Eighteen months ago, 27-year-olds Andrew Sairrino and Fabian Cruz achieved a life-long dream and opened Good Fellas Barber Shop at the corner of North Front and North Chestnut Streets in the Village of New Paltz.
As I chatted with these two young entrepreneurs, keeping in mind that one definition of success is “the progressive achievement of a worthy goal,” I was interested to learn about how they came to the profession of barbering and especially why they took on the risk of opening their own business. “My parents were hard-working people,” said Andrew. “We learned that we had to pay our own way. My uncle had his own barbershop in Hyde Park, and I always had a vision of owning my own business.” The two partners, who have been friends for more than half their lives, grew up together in Wallkill but often came to New Paltz to meet with friends and “hang out,” and had long envisioned it as the location of their own business. Both of these two Master Barbers earned their licenses and amassed thousands of hours of experience working for Andrew’s uncle prior to opening their own shop.
In his book Outliers: The Story of Success, Malcolm Gladwell examines the factors that contribute to high levels of personal and business success. He stresses the importance of the family background of high achievers, idiosyncratic experiences during their childhoods and local culture. Gladwell also posits a “10,000-Hour Rule,” suggesting that the key to achieving world class expertise in any skill is related to practicing the requisite skills for a total of about 10,000 hours. By my calculation, the years these young men spent in formal barbering classes followed by five-year apprenticeships at Sideburnz Barber Shop under the watchful eye of Uncle Joe Sairrino and his partner Thomas Irvin, have served them and our community well. Even before Sidebernz, “we were always cutting our friends’ hair, even in high school,” they told me. “We love it.” Having a true passion for what you do is key to success, again as reported by Gladwell and demonstrated by Fabian and Andrew.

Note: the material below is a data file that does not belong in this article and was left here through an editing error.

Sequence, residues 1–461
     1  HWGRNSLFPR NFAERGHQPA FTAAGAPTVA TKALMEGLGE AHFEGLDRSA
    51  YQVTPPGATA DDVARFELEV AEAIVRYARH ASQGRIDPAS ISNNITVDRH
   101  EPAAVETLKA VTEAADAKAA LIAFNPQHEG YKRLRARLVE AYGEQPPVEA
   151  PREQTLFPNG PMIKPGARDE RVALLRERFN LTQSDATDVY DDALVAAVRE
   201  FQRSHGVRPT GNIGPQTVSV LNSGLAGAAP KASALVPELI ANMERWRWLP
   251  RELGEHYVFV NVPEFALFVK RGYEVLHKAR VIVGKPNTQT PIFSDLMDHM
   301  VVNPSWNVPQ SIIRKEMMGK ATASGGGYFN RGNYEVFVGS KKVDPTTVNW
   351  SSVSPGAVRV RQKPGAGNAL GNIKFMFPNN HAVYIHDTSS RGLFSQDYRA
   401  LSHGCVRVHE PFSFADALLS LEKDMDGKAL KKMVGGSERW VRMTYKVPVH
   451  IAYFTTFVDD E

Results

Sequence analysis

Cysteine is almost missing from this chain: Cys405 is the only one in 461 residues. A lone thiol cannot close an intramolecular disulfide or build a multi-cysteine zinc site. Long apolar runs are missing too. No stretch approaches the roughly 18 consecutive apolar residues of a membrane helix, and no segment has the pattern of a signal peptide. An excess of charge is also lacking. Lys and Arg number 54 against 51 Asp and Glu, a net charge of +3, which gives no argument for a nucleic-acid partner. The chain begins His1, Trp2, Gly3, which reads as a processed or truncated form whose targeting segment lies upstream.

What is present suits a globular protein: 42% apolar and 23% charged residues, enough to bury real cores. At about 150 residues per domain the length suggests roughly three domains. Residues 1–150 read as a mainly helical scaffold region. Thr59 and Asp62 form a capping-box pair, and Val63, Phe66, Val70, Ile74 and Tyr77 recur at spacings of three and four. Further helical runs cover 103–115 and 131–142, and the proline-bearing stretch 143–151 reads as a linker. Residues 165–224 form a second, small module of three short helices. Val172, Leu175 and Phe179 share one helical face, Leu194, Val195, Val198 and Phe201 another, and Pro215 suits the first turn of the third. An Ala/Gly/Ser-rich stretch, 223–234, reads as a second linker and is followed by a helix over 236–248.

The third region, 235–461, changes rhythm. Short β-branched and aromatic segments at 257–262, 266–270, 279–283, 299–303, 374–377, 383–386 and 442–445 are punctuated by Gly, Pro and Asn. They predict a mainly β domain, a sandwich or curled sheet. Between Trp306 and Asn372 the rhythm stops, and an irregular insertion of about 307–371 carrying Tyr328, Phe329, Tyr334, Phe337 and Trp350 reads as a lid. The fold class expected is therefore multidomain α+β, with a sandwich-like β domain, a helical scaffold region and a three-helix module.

During our chat they were quick to show me on their cell phones the latest cuts being featured on Instagram. They are excited about their work and committed to keeping up with the latest trends while also catering to the more traditional preferences of older clients. The partners report that their customer base includes young children, Baby Boomers, Generation X’ers and several septuagenarians (like me). Gladwell stresses that generational differences contribute to life success, and these two men are clearly “plugged in” to what is important to all their customers.
Entrepreneurs are important to America. In the past five years, our country has experienced the longest streak of job growth since the mid-1990’s, and small businesses account for nearly two million of the roughly three million private sector jobs created in 2014. The Small Business Administration reports that, in the recovery period since the economic collapse of 2008, “more than seven million of the eleven million jobs created have been generated by startups and small enterprises.” But we should not take entrepreneurialism for granted. As writer Zak Slayback points out, “… the percentage of young Americans who are entrepreneurs dipped to less than 4% in 2015” (https://zakslayback.com/about/). This compares to 10.6% in 1989 when data first began to be collected by the Federal Reserve and 6.1% in 2010. Entrepreneurs in our country appear to be an endangered species, and those who have chosen New Paltz as their home are a welcome asset. For one thing, they bring with them jobs and they pay their fair share of real estate taxes.
Many readers of this paper will remember when the Wilmorite Corporation of Rochester, New York attempted to foist a rental housing project on our community that promised to provide 8.5 full-time jobs when built. The catch was that Wilmorite wanted local taxpayers to subsidize their venture by having the property taxes on the proposed $56 million real estate project reduced by $1.5 million per year for 25 years through a Payment in Lieu of Taxes arrangement. Local taxpayers would have ended up paying over $175,000 per year through increases in their property taxes for each of the 8.5 jobs that Wilmorite promised to create.
In contrast, Andrew and Fabian worked hard, took risks and created their own jobs. By renting access to their three barber chairs, they also provide the opportunity for at least two other barbers to ply their craft. They pay their own rent, their own taxes and their landlord pays property taxes each year, which support community services and our school district. Now that’s a bargain.
When I inquired about their plans for the future, I learned that in a few short weeks these two self-reliant young men will be moving their business to a larger location with off-street parking at 17 South Chestnut Street. Here they will have five chairs, which will double the number of additional barbers able to share access and satisfy their own entrepreneurial dreams. I wish them well as they move forward with their plans. They are Good Fellas in every sense of the word.